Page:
As of my writing this, the article has received over 6,000 reader comments, more than any other Times article I remember seeing. Further, a quick glance at the most recommended comments are near unanimously supportive of the professor, unsupportive of the students, and show recognition of the dangers of grade inflation and the lowering of standards, especially in fields like medicine. To paraphrase one commentator, there’s nothing like the thought of not waking up on the operating table to mug you to reality.
Which brings me to my second, and most obvious observation. What kind of doctors are we going to have in this country? Anyone who attended a decent college knew that it was organic chemistry that ruthlessly separated the future doctors from those who wound up with Masters in Public Health degrees. Moreover, we’ve already seen a dramatic decline in the aptitude of our medical professionals in recent decades as our best and brightest now go into finance and tech, not medicine and science like in yesteryear.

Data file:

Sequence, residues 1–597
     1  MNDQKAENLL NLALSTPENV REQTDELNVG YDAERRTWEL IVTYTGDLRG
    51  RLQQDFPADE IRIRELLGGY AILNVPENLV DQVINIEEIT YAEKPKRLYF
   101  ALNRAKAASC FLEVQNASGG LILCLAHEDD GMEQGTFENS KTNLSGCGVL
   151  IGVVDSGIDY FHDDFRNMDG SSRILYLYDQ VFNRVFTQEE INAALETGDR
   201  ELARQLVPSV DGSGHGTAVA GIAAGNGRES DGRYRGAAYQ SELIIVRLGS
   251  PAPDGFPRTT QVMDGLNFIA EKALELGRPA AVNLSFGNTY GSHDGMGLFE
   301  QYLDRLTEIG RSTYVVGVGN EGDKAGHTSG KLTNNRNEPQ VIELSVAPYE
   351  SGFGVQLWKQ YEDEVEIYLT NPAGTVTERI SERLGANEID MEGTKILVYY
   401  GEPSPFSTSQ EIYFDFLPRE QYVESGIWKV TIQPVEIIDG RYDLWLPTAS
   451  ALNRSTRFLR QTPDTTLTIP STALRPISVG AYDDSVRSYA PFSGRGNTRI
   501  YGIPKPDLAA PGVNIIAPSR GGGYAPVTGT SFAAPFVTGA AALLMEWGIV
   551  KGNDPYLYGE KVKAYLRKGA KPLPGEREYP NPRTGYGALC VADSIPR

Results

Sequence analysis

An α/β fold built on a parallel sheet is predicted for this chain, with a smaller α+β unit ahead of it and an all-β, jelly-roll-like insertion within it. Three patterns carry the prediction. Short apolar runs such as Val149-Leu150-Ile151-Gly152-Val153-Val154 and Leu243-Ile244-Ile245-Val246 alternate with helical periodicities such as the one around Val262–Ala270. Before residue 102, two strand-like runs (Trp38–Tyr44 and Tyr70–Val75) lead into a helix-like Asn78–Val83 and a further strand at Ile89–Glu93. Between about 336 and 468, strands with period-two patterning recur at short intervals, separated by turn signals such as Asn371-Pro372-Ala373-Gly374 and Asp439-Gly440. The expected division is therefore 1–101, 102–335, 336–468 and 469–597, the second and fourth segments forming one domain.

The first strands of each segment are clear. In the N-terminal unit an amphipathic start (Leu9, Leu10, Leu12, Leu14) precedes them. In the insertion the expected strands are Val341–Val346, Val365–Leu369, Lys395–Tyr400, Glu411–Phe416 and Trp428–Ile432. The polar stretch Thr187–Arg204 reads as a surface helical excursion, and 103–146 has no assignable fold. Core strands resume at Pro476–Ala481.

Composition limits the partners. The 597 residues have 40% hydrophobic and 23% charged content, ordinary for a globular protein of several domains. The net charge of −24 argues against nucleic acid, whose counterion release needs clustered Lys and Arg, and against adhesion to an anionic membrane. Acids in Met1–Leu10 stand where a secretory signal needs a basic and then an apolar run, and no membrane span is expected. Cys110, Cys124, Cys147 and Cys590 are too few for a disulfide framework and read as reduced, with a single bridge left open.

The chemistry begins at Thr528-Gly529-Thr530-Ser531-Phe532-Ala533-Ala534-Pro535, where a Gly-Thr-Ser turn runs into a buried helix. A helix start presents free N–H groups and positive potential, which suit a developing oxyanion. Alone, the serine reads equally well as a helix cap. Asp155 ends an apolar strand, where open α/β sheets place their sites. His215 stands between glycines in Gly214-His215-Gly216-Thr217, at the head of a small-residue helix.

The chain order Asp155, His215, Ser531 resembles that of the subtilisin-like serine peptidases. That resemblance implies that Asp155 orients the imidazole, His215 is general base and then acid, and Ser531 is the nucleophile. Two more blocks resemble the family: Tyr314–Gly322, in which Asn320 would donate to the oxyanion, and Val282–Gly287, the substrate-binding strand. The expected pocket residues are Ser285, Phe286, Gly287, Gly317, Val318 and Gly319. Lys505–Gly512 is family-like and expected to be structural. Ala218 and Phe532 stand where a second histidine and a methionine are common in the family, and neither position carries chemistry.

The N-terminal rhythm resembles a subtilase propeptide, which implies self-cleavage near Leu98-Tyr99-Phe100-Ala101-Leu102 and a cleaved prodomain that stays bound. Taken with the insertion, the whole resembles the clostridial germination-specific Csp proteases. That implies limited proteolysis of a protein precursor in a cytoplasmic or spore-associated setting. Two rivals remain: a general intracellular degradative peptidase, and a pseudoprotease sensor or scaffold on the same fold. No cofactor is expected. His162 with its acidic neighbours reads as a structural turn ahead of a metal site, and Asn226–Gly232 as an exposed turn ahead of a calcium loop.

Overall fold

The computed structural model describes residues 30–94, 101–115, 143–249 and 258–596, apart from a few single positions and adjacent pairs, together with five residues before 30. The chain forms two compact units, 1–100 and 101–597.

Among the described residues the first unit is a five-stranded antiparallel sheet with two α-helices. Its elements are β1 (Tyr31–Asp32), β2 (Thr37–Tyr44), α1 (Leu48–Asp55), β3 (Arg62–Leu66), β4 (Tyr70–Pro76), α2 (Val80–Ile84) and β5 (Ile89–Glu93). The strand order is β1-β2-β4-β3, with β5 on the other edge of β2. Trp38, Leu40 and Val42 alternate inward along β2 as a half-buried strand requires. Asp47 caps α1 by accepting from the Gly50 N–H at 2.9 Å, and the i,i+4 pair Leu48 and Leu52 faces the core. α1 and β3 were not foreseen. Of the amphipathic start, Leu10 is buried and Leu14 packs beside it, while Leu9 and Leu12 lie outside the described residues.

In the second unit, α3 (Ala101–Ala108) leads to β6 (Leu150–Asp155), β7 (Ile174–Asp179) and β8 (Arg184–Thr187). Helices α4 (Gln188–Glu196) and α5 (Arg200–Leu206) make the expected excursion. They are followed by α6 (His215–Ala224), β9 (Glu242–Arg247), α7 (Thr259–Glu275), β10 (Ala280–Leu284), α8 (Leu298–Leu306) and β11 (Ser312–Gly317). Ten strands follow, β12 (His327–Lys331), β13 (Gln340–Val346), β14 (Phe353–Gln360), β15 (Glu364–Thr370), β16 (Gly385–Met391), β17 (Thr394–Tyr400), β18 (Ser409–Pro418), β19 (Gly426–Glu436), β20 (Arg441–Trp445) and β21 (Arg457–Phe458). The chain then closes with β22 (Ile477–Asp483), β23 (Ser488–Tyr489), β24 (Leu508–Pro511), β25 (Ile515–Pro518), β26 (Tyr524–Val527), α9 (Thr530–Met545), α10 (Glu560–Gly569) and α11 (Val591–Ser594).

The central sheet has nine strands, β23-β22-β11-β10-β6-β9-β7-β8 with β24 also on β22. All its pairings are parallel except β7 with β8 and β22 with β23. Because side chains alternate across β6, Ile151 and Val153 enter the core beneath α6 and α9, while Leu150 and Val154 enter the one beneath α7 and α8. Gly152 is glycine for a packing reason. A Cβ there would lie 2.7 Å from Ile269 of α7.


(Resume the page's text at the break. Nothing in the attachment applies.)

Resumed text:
Now, we’re seeing the fruits of social justice ideology infused into medical schools and pre-med programs, as standards dramatically decline for both admission and graduation. Once again, the blatant hypocrisy of progressivism is naked for all to see. How thoroughly equitable that the rich will be able to afford to import their qualified physicians from China and India while the poor and middle class will be stuck with the coddled midwits who had been given a free pass to and through med school?
My third observation relates to the damage we’ve done with our enormous overreaction to covid, which I discussed in my last substack.
“In the last two years, [test scores] fell off a cliff,” Dr. Jones wrote. “We now see single digit scores and even zeros.”
Dr. Jones continues:
“After several years of Covid learning loss, the students not only didn’t study, they didn’t seem to know how to study.”